Mary Walker Wears the Pants

The True Story of
The Doctor, Reformer,
and Civil War Hero

This post joins other Nonfiction Monday blogs hosted today
by Practically Paradise
and joins It's Monday!
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Albert Whitman & Company
(pub. 3.1.2013) 32 pages 

A True Tale with A Cherry On Top

A uthor: Cheryl Harness
     and Illustrator:  Carlo Molinari

haracter: Mary Walker

O verview from the jacket flap: 

      "Mary Edwards Walker was always an outspoken woman. She was one of America's first woman doctors, and she fought for women's rights and gave speeches around the county. But she could also make a statement just by walking down the street - wearing pants in a time when women always wore dresses!
       When the Civil War struck, she set out to serve her country and treat wounded soldiers - not as a nurse, but a a doctor. She faced extreme danger behind enemy lines and for her bravery she received the Medal of Honor, the highest award a war veteran can receive. She remains the first and only woman to ever hold this honor..."

T antalizing taste:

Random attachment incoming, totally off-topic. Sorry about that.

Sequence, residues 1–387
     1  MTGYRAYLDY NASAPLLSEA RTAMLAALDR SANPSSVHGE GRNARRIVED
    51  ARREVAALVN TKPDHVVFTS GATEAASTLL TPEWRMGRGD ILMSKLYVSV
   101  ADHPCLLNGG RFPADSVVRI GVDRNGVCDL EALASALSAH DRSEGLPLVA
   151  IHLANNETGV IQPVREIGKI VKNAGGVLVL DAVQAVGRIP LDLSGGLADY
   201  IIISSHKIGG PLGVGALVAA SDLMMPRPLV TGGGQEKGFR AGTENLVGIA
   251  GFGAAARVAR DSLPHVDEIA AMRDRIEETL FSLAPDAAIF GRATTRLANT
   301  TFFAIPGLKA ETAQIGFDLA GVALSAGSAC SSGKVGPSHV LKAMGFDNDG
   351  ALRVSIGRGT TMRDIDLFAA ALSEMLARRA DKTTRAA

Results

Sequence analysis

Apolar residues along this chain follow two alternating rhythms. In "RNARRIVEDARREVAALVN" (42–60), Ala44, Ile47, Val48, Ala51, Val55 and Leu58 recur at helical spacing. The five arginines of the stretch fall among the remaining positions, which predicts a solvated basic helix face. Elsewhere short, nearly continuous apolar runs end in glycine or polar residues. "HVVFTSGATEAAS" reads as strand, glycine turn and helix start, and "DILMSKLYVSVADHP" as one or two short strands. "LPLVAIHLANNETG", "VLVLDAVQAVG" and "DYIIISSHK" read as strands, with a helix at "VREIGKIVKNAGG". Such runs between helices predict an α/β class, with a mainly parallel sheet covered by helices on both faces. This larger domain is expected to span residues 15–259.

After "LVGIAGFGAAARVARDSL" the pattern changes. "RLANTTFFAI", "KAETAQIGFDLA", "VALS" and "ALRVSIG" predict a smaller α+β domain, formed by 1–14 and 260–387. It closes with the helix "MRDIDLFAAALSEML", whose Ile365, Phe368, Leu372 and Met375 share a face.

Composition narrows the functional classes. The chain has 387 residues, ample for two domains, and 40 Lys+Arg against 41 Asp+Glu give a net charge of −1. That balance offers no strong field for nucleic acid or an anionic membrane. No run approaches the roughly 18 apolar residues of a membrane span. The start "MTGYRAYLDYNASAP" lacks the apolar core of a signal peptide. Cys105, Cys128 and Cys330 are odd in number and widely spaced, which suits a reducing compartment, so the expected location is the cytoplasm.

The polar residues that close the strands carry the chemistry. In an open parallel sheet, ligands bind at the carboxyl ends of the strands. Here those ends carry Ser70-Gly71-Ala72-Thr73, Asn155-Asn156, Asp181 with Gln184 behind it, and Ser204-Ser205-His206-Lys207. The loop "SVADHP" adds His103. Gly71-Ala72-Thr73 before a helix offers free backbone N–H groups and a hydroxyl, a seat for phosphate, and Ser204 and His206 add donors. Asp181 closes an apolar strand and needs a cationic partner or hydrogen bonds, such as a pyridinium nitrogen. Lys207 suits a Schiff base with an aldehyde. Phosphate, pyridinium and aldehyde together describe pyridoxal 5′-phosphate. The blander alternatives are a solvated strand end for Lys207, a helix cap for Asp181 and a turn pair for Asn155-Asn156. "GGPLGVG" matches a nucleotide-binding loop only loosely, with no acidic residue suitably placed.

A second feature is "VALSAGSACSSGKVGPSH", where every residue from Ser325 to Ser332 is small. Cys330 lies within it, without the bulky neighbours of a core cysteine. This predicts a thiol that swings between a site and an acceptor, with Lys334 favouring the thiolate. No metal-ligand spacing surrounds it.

"After the war, audiences in America and abroad paid to hear Mary tell about her Civil War service and her imprisonment - and to see her in her notorious gentlemanly suit. It got her laughed at and made people angry. It caused scenes and even got her arrested! ...
    But there was more to Mary than her trousers. She lived as she believed, as an individual, fully equal and entitled to walk, breathe, and think freely, unbound by a corset or her society's expectations."
and something more: I was intrigued by the statement that Mary Edwards Walker was "the first and only woman" to ever receive the Medal of Honor. The back matter explains that "in 1917, the U.S. Congress ordered 84 year-old Mary, along with 910 other honorees, to return their Medals of Honor. The rules had been changed: the medal could only be awarded to those who'd been in 'actual combat with the enemy.' ... Mary refused to give back her medal. She wore it all the remaining days of her life until she died... at the age of 86... And, on June 10, 1977, President Jimmy Carter officially restored the Medal of Honor to Dr. Mary Edwards Walker." Only fair given the injustice of taking back medals because the rules changed later!


Perogyo said...

This looks great! I am really interested in Japanese female medical pioneers but I don't know much about Canadian or American ones at all. Looks like about the same time frame though- late nineteenth century?

Tara @ A Teaching Life said...

I have to find this book! We are researching women in the Civil War in school right now, and this would be a terrific book to share with my kids.